No matter how a baby is delivered, his or her first diet sets the stage for the microbiome.

"Breastfeeding is the most important way to support a baby's microbiome," says Azad, who recommends breastfeeding exclusively for six months whenever possible, then continued breastfeeding after the introduction of complementary food.

In addition to passing beneficial microbes from mom to baby, breast milk contains compounds called human milk oligosaccharides (HMOs) which serve as food for key beneficial bacteria, including Bifidobacterium and Bacteroides. Research shows that babies born via cesarean section catch up faster, in terms of microbiome development, if they are exclusively breastfed. And one recent study of 323 infants found that those who were exclusively breastfed had a healthier and more diverse microbiome at 6 months than those fed with formula.

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"Companies are trying to make formula as close to human milk as possible, which is a good goal, but it will never be the same," says Azad. "Each mom's milk is different and personalized for her own baby."

Edwards also recommends that moms minimize their own use of antibiotics -- which can wipe out both good and bad bacteria -- while they are pregnant and breastfeeding and be equally prudent with antibiotic use for their new babies.

And she cautions against introducing solid foods before 6 months, as they can prematurely alter the gut microbiome before it's ready, boosting risk of stomach problems. "This is a critical time of life in which the brain and body are developing, but the gut is also developing," says Edwards. "By nurturing it, we can actively promote a baby's health in a way that has long-term consequences."

By the Numbers

64%

Percentage more likely babies born via cesarean section are to be obese by adolescence than their siblings born vaginally.

>2x

Amount more likely babies born via cesarean section to have allergies or asthma by age 3.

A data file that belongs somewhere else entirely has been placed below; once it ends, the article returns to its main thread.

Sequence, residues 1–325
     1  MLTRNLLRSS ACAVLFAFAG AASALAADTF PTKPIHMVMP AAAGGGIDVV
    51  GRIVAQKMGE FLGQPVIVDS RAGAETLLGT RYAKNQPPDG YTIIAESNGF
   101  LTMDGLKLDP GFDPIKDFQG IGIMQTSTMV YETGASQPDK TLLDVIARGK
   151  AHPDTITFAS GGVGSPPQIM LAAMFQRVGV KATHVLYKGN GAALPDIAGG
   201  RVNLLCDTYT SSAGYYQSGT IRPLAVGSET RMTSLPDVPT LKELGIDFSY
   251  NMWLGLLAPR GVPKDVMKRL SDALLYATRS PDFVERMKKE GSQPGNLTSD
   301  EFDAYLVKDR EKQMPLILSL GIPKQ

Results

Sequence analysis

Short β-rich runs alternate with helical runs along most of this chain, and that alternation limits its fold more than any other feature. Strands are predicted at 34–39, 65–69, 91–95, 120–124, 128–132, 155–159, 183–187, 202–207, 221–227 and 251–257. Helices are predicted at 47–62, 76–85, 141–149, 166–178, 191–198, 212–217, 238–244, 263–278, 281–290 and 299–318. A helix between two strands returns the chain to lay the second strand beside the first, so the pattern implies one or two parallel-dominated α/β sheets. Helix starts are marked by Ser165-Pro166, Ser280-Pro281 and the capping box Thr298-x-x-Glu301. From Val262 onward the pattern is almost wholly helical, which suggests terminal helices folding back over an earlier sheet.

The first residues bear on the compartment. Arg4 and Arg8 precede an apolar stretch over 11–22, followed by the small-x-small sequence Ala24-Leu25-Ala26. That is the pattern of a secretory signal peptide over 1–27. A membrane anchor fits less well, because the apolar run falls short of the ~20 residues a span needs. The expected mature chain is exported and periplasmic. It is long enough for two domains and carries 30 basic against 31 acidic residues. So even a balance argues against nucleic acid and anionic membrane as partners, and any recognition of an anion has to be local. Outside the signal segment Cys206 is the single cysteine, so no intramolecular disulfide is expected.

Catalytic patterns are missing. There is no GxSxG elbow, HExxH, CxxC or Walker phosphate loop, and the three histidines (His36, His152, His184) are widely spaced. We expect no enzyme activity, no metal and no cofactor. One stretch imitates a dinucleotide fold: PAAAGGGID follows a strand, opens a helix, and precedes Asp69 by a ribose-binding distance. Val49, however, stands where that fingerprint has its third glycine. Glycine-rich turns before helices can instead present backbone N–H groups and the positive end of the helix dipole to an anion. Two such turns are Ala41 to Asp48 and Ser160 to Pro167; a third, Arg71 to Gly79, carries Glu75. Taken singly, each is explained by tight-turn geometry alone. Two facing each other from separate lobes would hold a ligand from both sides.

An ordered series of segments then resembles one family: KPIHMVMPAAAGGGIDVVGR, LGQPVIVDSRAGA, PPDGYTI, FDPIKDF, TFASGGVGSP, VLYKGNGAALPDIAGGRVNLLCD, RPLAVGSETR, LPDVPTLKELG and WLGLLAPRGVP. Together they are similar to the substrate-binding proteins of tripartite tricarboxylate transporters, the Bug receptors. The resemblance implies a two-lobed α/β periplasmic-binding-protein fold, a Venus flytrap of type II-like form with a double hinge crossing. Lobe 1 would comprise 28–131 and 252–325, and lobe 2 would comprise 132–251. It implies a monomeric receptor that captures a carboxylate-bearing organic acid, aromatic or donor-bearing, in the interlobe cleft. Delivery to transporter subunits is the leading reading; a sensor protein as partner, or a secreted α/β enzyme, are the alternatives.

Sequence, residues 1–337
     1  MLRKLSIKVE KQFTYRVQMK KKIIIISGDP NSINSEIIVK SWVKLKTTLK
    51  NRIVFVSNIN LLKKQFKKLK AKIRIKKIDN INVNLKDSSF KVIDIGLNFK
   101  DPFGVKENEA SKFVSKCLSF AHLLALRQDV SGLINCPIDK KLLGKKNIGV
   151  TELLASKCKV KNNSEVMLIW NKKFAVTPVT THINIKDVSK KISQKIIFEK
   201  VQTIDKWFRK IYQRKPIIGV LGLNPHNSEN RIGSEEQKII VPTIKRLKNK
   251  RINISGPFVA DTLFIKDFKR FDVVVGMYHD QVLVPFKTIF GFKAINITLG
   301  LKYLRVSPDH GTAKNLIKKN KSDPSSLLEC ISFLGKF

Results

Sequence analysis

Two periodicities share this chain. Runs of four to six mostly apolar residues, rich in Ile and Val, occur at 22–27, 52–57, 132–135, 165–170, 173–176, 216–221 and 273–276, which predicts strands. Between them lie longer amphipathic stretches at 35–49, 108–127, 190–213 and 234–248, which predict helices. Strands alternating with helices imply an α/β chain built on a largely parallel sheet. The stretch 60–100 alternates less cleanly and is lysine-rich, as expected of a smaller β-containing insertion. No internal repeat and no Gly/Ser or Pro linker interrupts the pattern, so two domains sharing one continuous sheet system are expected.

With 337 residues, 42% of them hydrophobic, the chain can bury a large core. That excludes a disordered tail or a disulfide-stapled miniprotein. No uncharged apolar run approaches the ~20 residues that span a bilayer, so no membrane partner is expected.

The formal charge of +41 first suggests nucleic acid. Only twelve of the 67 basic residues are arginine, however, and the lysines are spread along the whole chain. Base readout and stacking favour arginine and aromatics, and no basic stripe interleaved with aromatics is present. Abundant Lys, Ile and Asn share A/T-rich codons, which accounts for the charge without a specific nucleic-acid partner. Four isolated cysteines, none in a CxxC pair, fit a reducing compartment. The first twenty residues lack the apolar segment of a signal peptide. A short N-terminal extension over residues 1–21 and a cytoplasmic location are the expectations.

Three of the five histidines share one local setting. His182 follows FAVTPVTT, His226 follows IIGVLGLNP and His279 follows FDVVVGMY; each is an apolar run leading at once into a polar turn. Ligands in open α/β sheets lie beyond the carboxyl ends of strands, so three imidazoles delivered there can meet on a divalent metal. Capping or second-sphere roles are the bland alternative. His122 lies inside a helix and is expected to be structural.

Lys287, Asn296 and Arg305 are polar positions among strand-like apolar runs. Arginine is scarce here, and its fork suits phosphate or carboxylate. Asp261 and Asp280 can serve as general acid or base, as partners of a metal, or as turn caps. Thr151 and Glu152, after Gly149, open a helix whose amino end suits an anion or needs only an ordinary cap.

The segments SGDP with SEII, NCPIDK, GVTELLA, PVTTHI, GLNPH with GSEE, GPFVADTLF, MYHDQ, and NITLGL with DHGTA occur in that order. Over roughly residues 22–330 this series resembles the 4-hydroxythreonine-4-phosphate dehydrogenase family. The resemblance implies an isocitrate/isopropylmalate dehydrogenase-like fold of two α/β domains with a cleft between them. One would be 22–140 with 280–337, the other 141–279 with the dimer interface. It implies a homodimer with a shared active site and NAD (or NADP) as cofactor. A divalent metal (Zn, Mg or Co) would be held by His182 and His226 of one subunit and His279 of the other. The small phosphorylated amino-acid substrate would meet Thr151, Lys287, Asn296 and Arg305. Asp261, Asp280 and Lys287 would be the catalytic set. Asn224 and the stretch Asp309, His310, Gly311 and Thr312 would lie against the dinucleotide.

32%

Percentage of all deliveries that are now via cesarean section.

52%

Percentage of babies who are still breastfeeding at 6 months.

7

Number of years a baby's first diet can impact his or her microbiome.

3 Tips

Give your baby's biome a boost with a few pointers from Edwards.

1. Direct From Mom

Offer breastmilk straight from the source whenever possible. Studies show it provides more good bacteria and less harmful bacteria than pumped milk.

2. Moderation in Bathing

Don't overdo it on the baths, which can strip baby's skin of beneficial bacteria.

3. Pass it On

Eat bacteria-rich food like kimchi, kraut, yogurt, and kefir while you're pregnant and breastfeeding. The more beneficial microbes you have, the more you can pass to baby.

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WebMD Magazine - Feature Reviewed by Hansa D. Bhargava, MD on September 30, 2019

Sources

SOURCES:

Meghan Azad, assistant professor of child health, University of Manitoba

Sara Edwards, certified nurse midwife, Emory University School of Nursing

Nursing Research, "The Infant Microbiome: Implications for Infant Health and Neurocognitive

Development."

European Society of Clinical Microbiology and Infectious Diseases

American Journal of Epidemiology: "Wheeze and Food Allergies in Children Born via Cesarean Delivery: The Upstate KIDS Study."

American College of Obstetricians and Gynecologists website

Journal of Pediatrics: "Diet during pregnancy and infancy and the infant intestinal microbiome."

JAMA Pediatrics: "Association Between Cesarean Birth and Risk of Obesity in Offspring in Childhood, Adolescence, and Early Adulthood."

Centers for Disease Control

Cell Host and Microbe, "Composition and Variation of the Human Milk Microbiota Are Influenced by Maternal and Early-Life Factors."